While we lived in a town home.

    We had neighbors with the patience of saints.
    He later switched to playing the trumpet but we had already moved into a great house. Nearly sound proof (externally at least — ouch my ears) and separate from our neighbors.
    By the time our youngest son started learning the trombone, I was nearly (only nearly) able to tune it out.

    I can offer some encouragement. Both went on to play most or all of their high school years in the band. So, it is possible she will stick with it. Especially if she has parents who help her practice and offer encouragement like I believe you will.

    Good luck and just a tip — it is possible to buy noise canceling ear buds for your MP3 players now days. Daddy can’t be blamed for listening to music when she’s practicing can he?

    • Even the painful sounds of practice and learning are music to my ears. It’s all part of the journey.

      The funny part is I figure she’ll be practicing, I’ll be working… she’ll likely have her iPod with her for a metronome. I’ll hear something, and then probably do something like FaceTime her to say “Hey, try this” or “do it again….”

      I am going to consider some things to help soundproof the garage tho… even if not for the neighbors, just to improve the sound in there (less echo). See if I can hook up with a local carpet installer to get the scrap remnants for cheap, etc..

  4. Enthusiastic retired semi-pro me says –

    1) You can’t beat the feel/bounce of real heads, even with the muffles on it beats the electronic stuff unless you’re going to spring for the Roland mesh-head stuff. You have to develop a relationship with that “bounce.” In many ways its like live fire, working with recoil, but perhaps even moreso.

    2) Buy decent cymbals. A decent medium crash, a decent ride, and decent hi hats. Bargain basement kit cymbals sound like trash can lids and take a lot of the fun right out of it. I love my Paistes, and they do make decent sounding mid-entry models, and I’m sure you can find good ones on craigslist (and sell them later if the drum thing doesn’t work out.) Zildjians are fine too, whatever floats your boat. Sabian makes a nice pingy ride. And be sure to get new felts and plastic spacers for the stands – cheap insurance.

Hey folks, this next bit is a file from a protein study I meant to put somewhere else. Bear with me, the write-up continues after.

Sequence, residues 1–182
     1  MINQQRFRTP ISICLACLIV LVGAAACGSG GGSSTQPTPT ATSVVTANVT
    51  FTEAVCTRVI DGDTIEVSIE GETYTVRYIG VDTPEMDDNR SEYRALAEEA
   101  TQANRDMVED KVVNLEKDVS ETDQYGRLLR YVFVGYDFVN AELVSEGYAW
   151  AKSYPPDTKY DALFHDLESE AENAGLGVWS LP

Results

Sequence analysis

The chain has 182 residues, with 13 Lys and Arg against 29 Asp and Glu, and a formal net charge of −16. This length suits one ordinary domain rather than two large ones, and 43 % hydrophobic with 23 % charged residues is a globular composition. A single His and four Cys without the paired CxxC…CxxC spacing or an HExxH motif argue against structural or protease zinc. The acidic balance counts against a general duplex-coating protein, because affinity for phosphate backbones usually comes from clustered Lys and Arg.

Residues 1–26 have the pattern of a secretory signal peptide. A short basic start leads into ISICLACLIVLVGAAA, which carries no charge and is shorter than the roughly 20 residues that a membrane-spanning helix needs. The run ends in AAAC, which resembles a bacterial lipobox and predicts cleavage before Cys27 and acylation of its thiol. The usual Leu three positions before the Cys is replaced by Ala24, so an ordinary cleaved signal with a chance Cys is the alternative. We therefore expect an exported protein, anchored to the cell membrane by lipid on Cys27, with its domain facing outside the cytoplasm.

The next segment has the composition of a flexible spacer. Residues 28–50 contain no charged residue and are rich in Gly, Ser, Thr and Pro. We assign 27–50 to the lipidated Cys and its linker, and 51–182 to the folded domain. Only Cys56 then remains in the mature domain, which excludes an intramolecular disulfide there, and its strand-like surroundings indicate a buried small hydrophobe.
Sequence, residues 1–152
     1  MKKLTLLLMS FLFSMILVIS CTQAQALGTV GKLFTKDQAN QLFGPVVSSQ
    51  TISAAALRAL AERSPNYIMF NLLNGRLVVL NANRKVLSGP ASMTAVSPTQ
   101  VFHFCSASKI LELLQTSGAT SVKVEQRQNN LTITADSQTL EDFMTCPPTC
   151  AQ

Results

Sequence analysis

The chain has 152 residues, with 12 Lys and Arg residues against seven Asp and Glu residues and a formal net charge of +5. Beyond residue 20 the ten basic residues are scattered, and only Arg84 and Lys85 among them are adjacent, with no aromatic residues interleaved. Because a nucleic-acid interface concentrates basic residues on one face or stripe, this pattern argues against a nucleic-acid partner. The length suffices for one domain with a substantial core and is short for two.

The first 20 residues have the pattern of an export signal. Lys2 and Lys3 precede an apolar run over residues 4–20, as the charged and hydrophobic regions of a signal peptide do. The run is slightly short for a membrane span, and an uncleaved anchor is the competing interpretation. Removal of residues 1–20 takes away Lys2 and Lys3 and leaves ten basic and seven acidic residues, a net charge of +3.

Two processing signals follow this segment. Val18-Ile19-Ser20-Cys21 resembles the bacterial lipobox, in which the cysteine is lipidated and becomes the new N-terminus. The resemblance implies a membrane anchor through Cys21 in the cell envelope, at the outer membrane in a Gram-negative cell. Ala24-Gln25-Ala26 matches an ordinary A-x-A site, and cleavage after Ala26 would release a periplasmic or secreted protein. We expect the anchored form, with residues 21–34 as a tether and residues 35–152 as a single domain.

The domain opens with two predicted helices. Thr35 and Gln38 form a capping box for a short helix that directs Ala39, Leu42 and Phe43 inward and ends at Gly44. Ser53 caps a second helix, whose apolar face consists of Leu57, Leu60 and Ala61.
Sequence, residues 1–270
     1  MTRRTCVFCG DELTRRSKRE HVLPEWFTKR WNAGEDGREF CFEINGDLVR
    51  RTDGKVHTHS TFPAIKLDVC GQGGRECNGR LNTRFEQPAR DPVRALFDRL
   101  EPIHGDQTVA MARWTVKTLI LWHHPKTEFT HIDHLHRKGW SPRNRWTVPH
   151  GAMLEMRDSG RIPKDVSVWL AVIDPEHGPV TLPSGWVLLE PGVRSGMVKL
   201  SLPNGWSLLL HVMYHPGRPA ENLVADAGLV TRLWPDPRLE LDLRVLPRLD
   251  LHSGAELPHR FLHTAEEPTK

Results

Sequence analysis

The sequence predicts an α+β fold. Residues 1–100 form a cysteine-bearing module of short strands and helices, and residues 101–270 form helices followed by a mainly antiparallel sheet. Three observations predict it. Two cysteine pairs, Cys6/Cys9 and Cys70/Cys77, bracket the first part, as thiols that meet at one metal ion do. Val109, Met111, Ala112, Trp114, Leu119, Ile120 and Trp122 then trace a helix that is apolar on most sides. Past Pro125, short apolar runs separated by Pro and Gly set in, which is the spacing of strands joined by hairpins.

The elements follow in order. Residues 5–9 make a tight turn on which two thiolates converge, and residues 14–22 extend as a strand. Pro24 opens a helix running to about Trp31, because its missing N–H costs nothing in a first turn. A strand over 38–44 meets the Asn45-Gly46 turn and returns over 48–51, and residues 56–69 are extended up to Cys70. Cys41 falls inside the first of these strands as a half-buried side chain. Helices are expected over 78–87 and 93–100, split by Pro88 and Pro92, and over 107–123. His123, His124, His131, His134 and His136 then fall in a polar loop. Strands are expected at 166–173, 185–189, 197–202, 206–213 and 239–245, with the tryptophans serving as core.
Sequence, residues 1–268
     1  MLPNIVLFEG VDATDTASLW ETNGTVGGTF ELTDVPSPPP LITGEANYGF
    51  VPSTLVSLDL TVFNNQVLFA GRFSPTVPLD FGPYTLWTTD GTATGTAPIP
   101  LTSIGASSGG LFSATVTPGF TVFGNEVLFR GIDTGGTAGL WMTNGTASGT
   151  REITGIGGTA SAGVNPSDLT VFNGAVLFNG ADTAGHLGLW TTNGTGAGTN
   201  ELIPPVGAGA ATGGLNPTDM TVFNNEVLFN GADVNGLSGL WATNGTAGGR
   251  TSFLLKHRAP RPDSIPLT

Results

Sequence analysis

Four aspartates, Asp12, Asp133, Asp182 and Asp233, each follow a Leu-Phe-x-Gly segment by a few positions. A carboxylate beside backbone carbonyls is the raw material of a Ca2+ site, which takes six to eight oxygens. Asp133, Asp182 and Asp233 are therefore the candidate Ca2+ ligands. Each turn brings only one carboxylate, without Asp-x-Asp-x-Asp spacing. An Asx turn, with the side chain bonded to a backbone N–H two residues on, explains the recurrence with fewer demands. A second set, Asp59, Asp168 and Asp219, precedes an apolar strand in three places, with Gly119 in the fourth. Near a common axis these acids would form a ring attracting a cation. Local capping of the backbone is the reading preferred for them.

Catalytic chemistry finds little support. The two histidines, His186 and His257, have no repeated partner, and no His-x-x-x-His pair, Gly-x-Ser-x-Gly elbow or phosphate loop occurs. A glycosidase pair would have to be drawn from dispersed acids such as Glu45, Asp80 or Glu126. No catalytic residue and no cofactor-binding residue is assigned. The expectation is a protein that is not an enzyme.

3) Get a reasonably well constructed 4 piece kit, and buy new heads (I love Remo black dots or Aquarians) and take at least one full afternoon and really TUNE those heads (instructions ABOUND on the interwebs) – stretching them out, the whole bit. I even used a hair dryer around the seating ring. The difference is stupefying. It takes a good while to do it right but its so worth it.

    4) I can’t overstate how much difference a good kick pedal makes. Think of it as a trigger. A dead mushy one sucks real bad.

    5) Have her try a variety of stick lengths and weights – get a couple pairs of each type she thinks she likes and see what she really plays. Don’t buy sticks with plastic colored tips or your heads will be marred instantly.

    I’d be a craigslist fiend, and I’d also be scouring the used racks at your store of choice (South Austin has Tommy’s) for bargains on good equipment. Don’t buy lousy equipment. Trash is always trash. You wouldn’t put her on a Lorcin or a Jennings, right? 🙂

    Anyway – blah blah blah. I’m such a gear whore.

    • Excellent advice. Thank you!

      I don’t want to buy her crap, but I also don’t want to spend tons of money. It’s finding that balance. Because the reality is, if she has crap equipment, she will NOT like the experience. It’s like any tool. Good tools won’t get in the way, and great tools will make it a pleasure. Bad tools will ruin everything, no matter what else could be involved.

      And besides yes… if it’s a reasonable set, it’ll resell no problem.

      It’s also about finding something kinda “middle of the road” to let her experiment from there. The sticks we picked up last night were I think Pro-Mark 5A’s… middle of the road. She did hold a bunch of pairs to see “oh ok, those are thick, these are thinner”, but she admits she doesn’t know jack as to what’s better or worse. Let her experience and grow. I mean, gear is part of the fun… 🙂